Some moments in the history of American business are noteworthy because they change the course of history and become catalysts for future progress.

As a management consultant who has worked with myriad agencies throughout my career, I’d argue that the rise of the Black- and minority-owned agency fits under that definition.

The Landscape of Minority-Owned Agencies

Studies such as D. Parke Gibson’s “The $30 Billion Negro” in 1969 were some of the first to shine a light on the burgeoning Black consumer market. Black- and minority-owned advertising agencies brought rich perspectives to an industry that historically misrepresented and excluded minorities.

The importance of minority-owned agencies cannot be understated: they have increased the number of minority professionals in the industry and crafted relevant and meaningful messages to connect with diverse consumers.

The landscape of minority-owned marketing agencies that have scaled their business paints a picture of businesses ripe for acquisition. Many of these Baby Boomer-run businesses are motivated to sell, and they are selling an asset poised for exponential growth due to their expertise in a growing consumer market.

However, we must ask the question: with the U.S. becoming a majority-minority population, what is the effect of not having any large marketing agencies owned by minorities?

How to Preserve Black- And Minority-Owned

We don’t want to lose Black-owned agencies, yet those agencies are becoming folded up into white-dominated spaces. With that in mind, here are three things we need to prioritize to preserve Black- and minority-owned advertising agencies.

Reject the System of Ethnic-Only Marketing

According to Merah Stuart’s economic detour theory of enterprise development, racism and segregation have historically driven Black entrepreneurs to cater exclusively to Black consumers.

The original theory was used to describe Black insurance companies in the ’40s and ’50s, which flourished because white-owned companies ignored Black consumers. As a result, Black-owned insurance companies filled the gap.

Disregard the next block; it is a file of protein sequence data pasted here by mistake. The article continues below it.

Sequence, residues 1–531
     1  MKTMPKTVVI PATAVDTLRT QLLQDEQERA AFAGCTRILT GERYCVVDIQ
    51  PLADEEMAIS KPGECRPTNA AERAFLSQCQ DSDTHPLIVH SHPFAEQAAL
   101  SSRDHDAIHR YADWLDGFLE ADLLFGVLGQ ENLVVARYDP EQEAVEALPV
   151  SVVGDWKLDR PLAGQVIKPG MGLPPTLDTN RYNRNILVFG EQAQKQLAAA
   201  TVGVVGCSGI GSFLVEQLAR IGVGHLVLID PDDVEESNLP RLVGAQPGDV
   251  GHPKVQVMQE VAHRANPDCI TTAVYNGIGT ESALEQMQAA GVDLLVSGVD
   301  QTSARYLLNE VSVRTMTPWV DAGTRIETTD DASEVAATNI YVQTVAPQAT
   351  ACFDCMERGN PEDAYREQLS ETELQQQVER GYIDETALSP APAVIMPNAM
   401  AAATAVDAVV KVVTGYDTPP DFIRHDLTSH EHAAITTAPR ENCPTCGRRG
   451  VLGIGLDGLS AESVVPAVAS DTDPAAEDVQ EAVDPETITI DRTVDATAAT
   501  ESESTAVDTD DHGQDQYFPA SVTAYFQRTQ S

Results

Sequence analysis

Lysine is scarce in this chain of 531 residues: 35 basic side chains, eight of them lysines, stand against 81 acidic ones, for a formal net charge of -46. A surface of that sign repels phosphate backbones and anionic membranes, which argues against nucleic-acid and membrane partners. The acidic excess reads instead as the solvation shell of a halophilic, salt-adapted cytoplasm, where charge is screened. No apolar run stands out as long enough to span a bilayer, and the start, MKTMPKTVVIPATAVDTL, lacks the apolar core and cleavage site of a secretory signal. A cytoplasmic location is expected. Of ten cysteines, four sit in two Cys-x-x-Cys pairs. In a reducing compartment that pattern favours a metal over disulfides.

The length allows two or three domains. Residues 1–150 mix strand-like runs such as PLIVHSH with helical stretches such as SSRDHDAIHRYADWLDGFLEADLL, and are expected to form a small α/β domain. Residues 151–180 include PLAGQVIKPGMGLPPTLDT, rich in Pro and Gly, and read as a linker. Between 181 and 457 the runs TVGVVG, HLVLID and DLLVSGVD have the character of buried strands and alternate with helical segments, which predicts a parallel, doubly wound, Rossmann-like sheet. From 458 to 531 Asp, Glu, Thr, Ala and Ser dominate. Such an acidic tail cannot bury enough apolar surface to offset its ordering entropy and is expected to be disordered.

Decade after decade, minority agency owners have realized that they must play in a separate but unequal league to grow their businesses. Minority owners should build independent creative firms that don’t subject them to a limiting system in which they can only develop marketing that’s targeted to people based on their ethnicity.

However, this needs more dedicated action from clients and minority owners in the advertising industry. Here are three simple action steps that can lead to systemic changes:

  • Clients should invite diverse agencies to pitch their business. The selection criteria used to select agencies for business pitches do not usually include diversity in the leadership ranks, so clients can motivate their agency partners to be more diverse and inclusive by making it a requirement to do business with them.
  • Minority owners should diversify their expertise away from ethnicity. When you position your agency based on specific expertise, people start believing you at some point.
  • Minority owners should take advantage of the consolidation trend and create holding companies. The scale benefits of a holding company increase your chances of being invited to agency pitches with enterprise-level corporate clients.

Protect Ownership With a Bigger Emphasis on Business Succession Planning

Black- and minority-owned agencies reached people of color with much-needed authenticity and validity. But many of these legacy businesses built in the ’80s and ’90s are owned by folks who are now eyeing retirement.

Almost 70% of Black folks have no will or estate plan in place and 86% of corporate leaders believe leadership planning is an urgent or important priority, but only 14% believe they do it well. Without plans to transfer ownership, many minority-owned agencies could close — stamping out the possibility of generational wealth transfer in the process.